allowed to identify what they need to know.
  3. Accountability
    Transparency holds people accountable for their
    actions, words and decisions. Rawlins cited The Naked Corporation:
    If you're going to be naked, you'd better be buff. In other words,
    if you want to shine, you have to clean up your act.

In addition,
Rawlins suggests that each organization might experience differing
of transparency:

  • Active
    transparency, where transparency is simply part of the culture;
  • Forced
    transparency, in response to Sarbanes-Oxley or
    other legislation; and
  • Pseudo
    transparency, in which an organization obfuscates through
    disclosure and greenwashing, which
    is self-promotion disguised as transparency.


employees of a large regional healthcare organization were surveyed
on issues of trust and transparency. 385 surveys were completed
for a 32% response
rate. Twenty-four surveys were deleted because they were incomplete,
leaving 361 surveys for analysis. The sample demographics matched
approximately those of the healthcare organization's population.


Trust and transparency are significantly and strongly correlated

was closely connected with transparency and the two are positively
According to Rawlins, "As employee perceptions of organizational
transparency increased so did trust. Additionally,
the three components of trust (competence, integrity, and goodwill)
and three
components of transparency (participation, substantial information,
and accountability) are positively related."

Regression analyses indicate that employees found integrity and
more important to overall trust than competency.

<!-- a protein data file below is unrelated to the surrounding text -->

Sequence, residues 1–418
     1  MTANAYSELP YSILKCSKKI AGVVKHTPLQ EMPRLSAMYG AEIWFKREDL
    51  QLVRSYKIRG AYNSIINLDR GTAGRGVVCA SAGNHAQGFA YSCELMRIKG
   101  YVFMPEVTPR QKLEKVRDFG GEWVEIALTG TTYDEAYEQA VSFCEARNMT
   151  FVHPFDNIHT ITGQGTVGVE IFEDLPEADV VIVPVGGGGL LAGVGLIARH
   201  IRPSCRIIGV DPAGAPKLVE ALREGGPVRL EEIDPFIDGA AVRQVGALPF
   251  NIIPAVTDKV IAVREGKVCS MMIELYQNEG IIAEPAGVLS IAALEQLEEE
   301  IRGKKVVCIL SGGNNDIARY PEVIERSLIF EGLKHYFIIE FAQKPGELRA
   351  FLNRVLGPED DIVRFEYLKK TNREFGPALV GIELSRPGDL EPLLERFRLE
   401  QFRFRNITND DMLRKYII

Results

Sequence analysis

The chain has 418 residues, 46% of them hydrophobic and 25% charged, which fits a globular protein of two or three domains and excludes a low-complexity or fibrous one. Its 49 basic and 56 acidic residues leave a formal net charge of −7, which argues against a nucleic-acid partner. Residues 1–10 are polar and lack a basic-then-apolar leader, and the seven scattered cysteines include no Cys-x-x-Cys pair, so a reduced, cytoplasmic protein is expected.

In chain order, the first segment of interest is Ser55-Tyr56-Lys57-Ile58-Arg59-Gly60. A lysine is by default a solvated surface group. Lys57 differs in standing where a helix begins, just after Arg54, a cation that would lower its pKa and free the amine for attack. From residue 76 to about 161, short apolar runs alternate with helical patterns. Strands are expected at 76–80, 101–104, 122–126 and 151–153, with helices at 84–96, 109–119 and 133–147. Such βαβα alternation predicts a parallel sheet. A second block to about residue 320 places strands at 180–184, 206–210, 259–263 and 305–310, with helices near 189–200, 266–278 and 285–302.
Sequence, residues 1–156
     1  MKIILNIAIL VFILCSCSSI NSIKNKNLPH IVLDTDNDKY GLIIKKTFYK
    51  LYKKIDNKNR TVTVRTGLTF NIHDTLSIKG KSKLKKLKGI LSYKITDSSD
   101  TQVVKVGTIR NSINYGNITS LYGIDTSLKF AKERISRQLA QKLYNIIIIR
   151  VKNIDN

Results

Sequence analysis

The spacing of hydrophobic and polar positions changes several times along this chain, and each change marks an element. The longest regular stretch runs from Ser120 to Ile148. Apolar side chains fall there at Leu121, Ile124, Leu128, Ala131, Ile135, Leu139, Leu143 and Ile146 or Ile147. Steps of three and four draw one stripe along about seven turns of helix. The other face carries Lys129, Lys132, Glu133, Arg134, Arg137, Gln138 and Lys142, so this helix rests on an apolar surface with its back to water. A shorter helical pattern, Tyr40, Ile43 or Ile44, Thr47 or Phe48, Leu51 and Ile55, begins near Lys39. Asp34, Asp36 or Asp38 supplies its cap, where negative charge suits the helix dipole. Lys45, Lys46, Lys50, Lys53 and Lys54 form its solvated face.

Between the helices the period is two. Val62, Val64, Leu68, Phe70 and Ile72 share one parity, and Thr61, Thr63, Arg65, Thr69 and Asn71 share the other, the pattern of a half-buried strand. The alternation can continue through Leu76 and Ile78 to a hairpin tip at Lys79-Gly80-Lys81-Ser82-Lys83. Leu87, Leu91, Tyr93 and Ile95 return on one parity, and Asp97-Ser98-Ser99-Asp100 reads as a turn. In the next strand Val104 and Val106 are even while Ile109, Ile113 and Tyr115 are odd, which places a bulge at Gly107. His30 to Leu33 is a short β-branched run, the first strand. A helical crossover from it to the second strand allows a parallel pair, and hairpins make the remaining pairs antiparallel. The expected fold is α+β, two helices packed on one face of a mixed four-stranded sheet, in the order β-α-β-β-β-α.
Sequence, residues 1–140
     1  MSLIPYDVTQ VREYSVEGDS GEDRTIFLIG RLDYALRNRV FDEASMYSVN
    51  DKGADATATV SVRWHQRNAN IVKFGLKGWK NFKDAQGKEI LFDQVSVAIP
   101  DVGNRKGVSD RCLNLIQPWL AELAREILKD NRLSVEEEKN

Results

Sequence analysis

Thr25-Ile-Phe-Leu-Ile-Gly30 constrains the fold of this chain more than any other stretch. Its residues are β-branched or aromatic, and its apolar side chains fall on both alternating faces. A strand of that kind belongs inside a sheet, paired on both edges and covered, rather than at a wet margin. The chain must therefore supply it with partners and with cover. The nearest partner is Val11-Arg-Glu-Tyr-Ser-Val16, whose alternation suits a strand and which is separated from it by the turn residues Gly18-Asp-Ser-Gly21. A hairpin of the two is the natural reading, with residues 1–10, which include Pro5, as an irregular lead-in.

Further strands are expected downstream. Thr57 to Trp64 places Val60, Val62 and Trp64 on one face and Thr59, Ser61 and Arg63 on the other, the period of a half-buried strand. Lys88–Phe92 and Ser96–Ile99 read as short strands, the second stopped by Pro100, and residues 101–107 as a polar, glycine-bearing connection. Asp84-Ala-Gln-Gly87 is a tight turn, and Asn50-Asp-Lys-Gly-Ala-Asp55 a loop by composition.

participation that leads to an organization sharing information that
employees find useful and substantial, and that holds an organization
accountable, is the strongest predictor of overall transparency.

see sharing information as a sign of integrity.

substantial information and being accountable was tied to employee
perceptions of organizational integrity.

participation and willingness to be accountable was tied to perception
of goodwill


Dr. Rawlins
is the only speaker I've heard of late that closed
his presentation
with a quote from the bible that I actually found
to be entirely relevant to the presentation.   Would
that more of our corporations heed these words:

this is the condemnation. That light is come into the world,
and men loved darkness rather than light, because their deeds were
for everyone that doest evil hateth the light, neither cometh
to the
light, lest his deeds should be reproved, but he that doest a
Truth cometh to the light that his deeds maybe e manifest, that
they are
wrought in
God.  John 3:19-21



October 01, 2007

Carnival of Trust – October 2007

Katie Delahaye Paine, at KD Paine’s Measurement Standard, says trust and transparency go hand in hand, and points to new research by Dr. Brad Rawlins that shows that doing things right isn’t nearly as important as doing the right thing, and that bein…